It is overly simplistic to suggest that we can (or should) as a community house our inmates all inside a military tent as our soldiers, sailors or airmen might have to do in times of war in a foreign land, or that military barrack style housing as is used in boot camp is appropriate for all levels of inmates from those facing driving offenses together with those charged with home invasion, burglary, rape or drug sales resulting in the death of another. Your jail... the jail of today... houses every one of those inmates and many more.
The jail on County Drive is a microcosm of society. We would never think that a one-size-fits-all approach would work in a school, a hospital, or any other large-scale public safety complex and after more than 20-years specializing in criminal justice, justice studies, and corrections, I can assure you that it doesn't work in this field either. The purpose of an effective classification system is to secure dangerous inmates or those who pose significant risks to society in secure detention settings, including single or double bunk cells, while at the same time recognizing that those who pose little risk and who are able to reasonably return to society better than when they arrived can do so with a little help from professionally trained staff.
Although my staff and I highlighted all of the positive accomplishments of our programming and classification efforts to reduce recidivism and to be the best stewards of the taxpayer's funding, it is clear that much emphasis was placed on the visual inspection of the facility by members of this tour group. Their depiction in the August 20 Laconia Daily Sun was "spot on" and I appreciate the recognition of our efforts to address those areas of the building that had been painted and cleaned where they could be as well as noting those areas of deficiency that needed attention. I have heard suggestions that paint and polish can simply be the "lipstick on a pig" and while those things are clearly desirable, they fail to address fundamental safety, security or operational concerns that are of primary importance. Certainly I would be the last person to suggest that years of neglect or a lack of maintenance or replacement of broken locks, poor electrical systems, rusting pipes, shortage of staffing to properly supervise the inmates or maintenance projects, or broken HVAC systems don't contribute to the accelerated decay of any building or system but paint and polish alone won't fix that issue. I don't believe anyone is suggesting we should have a "pretty jail" but rather one that meets the changing needs of Belknap County, that addresses the growing substance abuse and mental health epidemic, and provides legislatively mandated services to those "sentenced to hard labor" and also those who are "presumed innocent", detained without criminal commitment and awaiting trial.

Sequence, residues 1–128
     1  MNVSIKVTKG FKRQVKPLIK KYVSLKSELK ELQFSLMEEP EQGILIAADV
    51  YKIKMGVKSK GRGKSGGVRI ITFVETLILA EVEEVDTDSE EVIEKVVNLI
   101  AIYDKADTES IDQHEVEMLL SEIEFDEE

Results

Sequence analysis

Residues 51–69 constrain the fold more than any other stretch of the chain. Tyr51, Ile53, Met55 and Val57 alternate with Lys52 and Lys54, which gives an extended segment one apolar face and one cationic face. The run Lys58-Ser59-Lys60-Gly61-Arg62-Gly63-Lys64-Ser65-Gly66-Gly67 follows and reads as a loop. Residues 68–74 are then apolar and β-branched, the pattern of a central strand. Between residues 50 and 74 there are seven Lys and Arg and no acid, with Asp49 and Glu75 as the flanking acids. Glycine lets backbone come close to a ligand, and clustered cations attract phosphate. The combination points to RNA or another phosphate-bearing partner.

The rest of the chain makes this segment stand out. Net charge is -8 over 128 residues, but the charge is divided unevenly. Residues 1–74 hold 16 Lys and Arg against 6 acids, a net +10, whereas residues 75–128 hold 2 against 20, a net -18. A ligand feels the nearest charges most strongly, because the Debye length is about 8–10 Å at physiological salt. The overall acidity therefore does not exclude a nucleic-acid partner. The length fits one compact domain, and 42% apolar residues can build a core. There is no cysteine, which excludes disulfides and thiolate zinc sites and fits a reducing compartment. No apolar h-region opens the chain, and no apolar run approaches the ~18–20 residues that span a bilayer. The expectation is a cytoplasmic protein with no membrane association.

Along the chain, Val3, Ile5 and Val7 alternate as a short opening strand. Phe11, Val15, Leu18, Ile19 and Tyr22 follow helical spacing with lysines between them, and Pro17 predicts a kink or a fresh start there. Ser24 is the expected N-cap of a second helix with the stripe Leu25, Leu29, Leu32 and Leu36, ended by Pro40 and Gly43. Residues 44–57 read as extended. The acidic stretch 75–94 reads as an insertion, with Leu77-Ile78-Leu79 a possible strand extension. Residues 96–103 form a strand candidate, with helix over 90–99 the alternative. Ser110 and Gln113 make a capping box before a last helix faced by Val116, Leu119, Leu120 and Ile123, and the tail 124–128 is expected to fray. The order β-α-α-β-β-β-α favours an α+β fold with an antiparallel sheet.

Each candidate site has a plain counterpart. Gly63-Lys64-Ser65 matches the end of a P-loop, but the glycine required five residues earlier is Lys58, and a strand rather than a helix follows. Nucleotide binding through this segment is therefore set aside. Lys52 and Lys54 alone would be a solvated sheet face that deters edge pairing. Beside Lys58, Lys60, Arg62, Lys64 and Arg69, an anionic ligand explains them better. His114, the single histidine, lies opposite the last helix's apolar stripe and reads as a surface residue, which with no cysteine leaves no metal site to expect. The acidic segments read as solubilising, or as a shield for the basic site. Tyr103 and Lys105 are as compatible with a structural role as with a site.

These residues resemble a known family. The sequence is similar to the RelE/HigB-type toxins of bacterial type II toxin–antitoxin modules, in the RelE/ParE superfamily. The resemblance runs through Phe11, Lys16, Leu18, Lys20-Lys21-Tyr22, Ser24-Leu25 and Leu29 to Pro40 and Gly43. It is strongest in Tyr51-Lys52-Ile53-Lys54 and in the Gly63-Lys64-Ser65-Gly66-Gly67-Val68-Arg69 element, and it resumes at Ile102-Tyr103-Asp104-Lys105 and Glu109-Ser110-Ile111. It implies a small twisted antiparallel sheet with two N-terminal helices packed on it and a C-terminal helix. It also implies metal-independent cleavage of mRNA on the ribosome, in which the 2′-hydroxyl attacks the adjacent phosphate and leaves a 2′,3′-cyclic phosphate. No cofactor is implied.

We are often asked by members of the tour groups how we are able to manage our population. In the early 1990s the inmate population in total was as low as 34. In 2013, your jail holds as many as 120 inmates within its walls; this in a building that was designed to hold 87 bodies. Operationally that means the jail's "support services" were designed for 87 people. Services such as toilets, showers, seating areas to eat meals, telephones to talk to attorneys and family members, visiting booths and recreation areas and physical floor space — all of which are governed by national standards used by the courts for the treatment and detention of prisoners. We exceed that cap every single day by having some inmates sleep on the floor on a "stack-a-bunk" plastic sled bed. We have converted the gym space for housing, have taken away two program areas to make additional housing units and double-bunked cells not intended for or designed to hold the numbers assigned.